"Thailand should recognise that verbal commitments – however welcome – need to be backed by real action on the ground", he said. Mr Robertson said official impunity has enabled traffickers to act without interference for years.
"That's the message of this (US TIP) report", he said, "that talk is not enough any more. The US and the international community will be watching closely ... and only real progress will receive the accolades that Thai policy-makers want".
Jumpol Sanguansin, director-general of the Fisheries Department, said authorities have been checking for forced labour on fishing trawlers through the Port-in, Port-out control centres.
The centres are part of the government’s efforts to combat the illegal, unreported and unregulated (IUU) fishing.
He said the centres have played an important role in examining work permits for fishing crew on trawlers and they also stop people under the age of 18 from being exploited as labourers on the boats.
These are key factors that show the government is trying to clamp down on human trafficking, he said.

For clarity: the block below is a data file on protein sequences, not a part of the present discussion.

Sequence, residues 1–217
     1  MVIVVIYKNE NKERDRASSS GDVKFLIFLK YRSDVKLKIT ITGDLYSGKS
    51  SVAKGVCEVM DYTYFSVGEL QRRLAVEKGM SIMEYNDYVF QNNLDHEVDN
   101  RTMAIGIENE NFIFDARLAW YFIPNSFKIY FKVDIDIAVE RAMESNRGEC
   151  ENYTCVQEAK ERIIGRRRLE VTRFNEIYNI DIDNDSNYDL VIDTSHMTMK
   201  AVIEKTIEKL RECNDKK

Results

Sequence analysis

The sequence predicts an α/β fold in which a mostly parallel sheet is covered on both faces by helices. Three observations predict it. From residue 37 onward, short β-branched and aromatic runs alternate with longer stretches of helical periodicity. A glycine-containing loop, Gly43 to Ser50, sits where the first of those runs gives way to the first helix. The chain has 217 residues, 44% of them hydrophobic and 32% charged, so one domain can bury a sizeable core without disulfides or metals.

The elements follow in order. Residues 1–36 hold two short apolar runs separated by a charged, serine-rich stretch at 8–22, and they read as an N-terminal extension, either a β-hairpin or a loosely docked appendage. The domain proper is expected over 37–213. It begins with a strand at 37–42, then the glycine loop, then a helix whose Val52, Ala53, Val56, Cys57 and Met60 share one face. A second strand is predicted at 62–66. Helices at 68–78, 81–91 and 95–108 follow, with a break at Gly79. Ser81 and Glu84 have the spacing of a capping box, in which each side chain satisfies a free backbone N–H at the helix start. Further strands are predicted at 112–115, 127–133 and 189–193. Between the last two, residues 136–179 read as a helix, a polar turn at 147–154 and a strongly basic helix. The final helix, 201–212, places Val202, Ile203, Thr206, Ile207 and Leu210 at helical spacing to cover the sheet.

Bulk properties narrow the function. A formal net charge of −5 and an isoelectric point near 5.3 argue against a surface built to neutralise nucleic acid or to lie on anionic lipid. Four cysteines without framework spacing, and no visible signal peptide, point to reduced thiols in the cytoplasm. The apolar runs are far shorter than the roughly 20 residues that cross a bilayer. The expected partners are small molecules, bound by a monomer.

Abhisit Techanitisawat, chairman of the Thai Overseas Fisheries Association, said he was confident Thailand would be upgraded to Tier 2 in the TIP report, because of the government’s increased efforts to fight trafficking, especially in the fishing industry.
Sakkarin Niyomsilpa, a demographic expert at Mahidol University’s Institute for Population and Social Research, expressed his concern about the ranking because the US concluded the document in March before the government stepped up its anti-trafficking campaign.
Whether the US took into consideration the government’s most recent efforts remains to be seen, he said.
The government must continue to pay attention to halting human trafficking as it is a human rights concern. It should not try to satisfy the demands of particular countries but tackle the problem for its own sake.